Small RNA-mediated transcriptional gene silencing is a fundamental process that has been observed in many different eukaryotes including fungi, plants, flies, worms and mammals. One of its main tasks is to neutralize the activity of transposable elements (TEs), which otherwise destabilize our genome and potentially cause diseases. Small RNAs use their base complementarities to TEs to specifically silence them. However, how cells ensure TE-silencing without disturbing expressions of normal genes is not fully understood.

The ciliated protozoan Tetrahymena identifies TE-derived sequences by a germline-some genome comparison mechanism using small RNAs during programmed DNA elimination, which provides fascinating examples of epigenetic genome regulations and important insights into the interaction between TEs and host genomes. Because programmed DNA elimination can be synchronously induced in laboratory in a large scale, it serves as a useful laboratory model for genetically and biochemically investigating small RNA-mediated chromatin regulation.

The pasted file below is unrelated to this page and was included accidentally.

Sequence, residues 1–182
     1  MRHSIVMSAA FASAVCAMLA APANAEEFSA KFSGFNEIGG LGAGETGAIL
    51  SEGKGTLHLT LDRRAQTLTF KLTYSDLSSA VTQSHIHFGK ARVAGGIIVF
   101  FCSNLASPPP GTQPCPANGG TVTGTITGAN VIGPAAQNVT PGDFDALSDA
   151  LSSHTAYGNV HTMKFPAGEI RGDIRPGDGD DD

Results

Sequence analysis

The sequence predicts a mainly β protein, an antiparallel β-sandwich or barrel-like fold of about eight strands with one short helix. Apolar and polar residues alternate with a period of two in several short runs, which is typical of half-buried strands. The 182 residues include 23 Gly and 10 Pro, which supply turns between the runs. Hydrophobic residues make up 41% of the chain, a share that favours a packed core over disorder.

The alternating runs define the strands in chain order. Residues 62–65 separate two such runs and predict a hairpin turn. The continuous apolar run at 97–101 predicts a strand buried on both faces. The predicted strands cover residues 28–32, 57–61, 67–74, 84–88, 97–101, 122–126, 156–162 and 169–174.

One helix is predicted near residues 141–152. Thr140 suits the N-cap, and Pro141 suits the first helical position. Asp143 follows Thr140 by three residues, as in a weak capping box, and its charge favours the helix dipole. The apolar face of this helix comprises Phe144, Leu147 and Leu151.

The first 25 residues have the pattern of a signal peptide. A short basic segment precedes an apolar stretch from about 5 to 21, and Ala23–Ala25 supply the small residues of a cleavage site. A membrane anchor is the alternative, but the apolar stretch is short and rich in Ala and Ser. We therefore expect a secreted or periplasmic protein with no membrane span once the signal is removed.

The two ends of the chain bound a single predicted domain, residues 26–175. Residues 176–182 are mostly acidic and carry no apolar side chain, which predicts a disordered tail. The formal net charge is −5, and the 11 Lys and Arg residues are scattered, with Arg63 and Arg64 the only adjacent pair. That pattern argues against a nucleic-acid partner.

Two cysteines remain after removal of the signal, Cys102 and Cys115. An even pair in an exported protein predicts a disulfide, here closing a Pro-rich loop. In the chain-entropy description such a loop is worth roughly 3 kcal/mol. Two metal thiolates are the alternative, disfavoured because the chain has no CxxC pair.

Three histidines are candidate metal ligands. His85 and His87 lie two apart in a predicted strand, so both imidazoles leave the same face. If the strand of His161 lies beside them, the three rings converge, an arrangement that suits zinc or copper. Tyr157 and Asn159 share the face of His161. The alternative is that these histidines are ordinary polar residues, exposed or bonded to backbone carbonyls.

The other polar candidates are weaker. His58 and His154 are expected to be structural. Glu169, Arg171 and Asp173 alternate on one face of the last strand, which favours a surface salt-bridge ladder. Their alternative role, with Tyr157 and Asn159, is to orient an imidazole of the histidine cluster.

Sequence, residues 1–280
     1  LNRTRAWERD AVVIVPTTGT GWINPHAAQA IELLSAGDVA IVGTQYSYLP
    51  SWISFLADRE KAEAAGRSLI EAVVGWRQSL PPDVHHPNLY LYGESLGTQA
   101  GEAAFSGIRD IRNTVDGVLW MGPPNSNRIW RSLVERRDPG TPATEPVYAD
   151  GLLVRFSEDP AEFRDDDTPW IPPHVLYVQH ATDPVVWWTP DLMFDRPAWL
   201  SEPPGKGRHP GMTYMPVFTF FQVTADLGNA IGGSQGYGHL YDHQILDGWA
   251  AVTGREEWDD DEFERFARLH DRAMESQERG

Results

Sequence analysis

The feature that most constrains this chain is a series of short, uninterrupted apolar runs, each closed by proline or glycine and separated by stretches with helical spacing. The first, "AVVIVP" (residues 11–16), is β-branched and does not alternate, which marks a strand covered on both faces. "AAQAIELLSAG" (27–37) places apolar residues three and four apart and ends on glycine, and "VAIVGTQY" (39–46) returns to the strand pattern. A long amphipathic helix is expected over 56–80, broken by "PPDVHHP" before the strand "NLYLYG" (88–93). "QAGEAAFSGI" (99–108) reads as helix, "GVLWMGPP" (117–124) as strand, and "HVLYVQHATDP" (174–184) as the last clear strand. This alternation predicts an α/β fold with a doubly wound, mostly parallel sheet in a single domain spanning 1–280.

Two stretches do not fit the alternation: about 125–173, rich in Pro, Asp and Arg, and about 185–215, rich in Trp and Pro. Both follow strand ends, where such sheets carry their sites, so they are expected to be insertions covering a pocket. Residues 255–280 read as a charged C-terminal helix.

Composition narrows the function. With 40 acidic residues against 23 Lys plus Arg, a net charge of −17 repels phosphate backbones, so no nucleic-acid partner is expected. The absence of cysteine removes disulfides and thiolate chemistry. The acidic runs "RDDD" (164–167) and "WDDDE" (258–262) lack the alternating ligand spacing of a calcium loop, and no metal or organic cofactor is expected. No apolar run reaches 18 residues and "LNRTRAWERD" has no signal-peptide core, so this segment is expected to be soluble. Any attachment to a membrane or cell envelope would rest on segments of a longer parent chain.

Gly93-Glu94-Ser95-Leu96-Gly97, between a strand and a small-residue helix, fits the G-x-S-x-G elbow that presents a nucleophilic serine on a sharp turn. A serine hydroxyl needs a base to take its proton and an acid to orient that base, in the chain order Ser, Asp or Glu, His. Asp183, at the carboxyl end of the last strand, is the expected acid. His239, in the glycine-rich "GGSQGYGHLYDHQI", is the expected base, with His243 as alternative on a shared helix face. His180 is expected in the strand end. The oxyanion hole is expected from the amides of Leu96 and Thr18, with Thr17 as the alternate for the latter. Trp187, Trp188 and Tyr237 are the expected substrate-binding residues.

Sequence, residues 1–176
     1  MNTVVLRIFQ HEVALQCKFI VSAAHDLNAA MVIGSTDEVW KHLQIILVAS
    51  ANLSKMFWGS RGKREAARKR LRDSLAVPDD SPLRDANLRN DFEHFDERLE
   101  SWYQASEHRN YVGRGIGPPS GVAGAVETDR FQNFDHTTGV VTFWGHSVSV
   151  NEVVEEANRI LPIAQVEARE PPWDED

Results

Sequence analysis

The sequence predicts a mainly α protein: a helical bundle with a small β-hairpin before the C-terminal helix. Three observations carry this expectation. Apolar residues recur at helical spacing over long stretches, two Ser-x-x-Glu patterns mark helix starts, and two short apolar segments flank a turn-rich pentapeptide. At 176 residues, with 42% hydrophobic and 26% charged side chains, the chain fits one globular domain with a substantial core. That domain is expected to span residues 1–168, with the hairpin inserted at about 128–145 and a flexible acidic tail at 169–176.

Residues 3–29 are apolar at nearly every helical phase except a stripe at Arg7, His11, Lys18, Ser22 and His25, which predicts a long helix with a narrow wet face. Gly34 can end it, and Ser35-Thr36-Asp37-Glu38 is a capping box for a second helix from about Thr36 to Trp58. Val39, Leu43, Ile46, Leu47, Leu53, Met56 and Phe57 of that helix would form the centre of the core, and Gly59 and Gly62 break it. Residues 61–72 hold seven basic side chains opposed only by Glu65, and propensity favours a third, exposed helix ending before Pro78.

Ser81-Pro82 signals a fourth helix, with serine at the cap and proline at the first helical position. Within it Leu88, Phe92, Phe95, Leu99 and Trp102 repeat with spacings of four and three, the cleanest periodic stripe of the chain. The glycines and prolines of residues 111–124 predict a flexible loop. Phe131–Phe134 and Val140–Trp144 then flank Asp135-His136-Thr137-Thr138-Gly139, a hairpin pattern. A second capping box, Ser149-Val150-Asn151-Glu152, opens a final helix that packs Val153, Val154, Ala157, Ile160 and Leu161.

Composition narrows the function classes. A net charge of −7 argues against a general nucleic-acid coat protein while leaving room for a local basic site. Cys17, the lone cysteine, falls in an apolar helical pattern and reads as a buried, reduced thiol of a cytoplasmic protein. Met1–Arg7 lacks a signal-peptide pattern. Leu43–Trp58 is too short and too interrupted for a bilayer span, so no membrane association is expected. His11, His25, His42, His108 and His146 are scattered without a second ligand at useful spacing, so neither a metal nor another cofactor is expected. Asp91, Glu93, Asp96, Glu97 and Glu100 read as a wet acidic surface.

Using this tiny-hairy eukaryotic model, we aim to understand: how cells accumulate small RNAs specifically from TE-related sequences; how cells use those small RNAs to identify TE-related sequences; and how a small RNA pathway establishes silent chromatin environment (heterochromatin) on TE-related sequences.

Team leader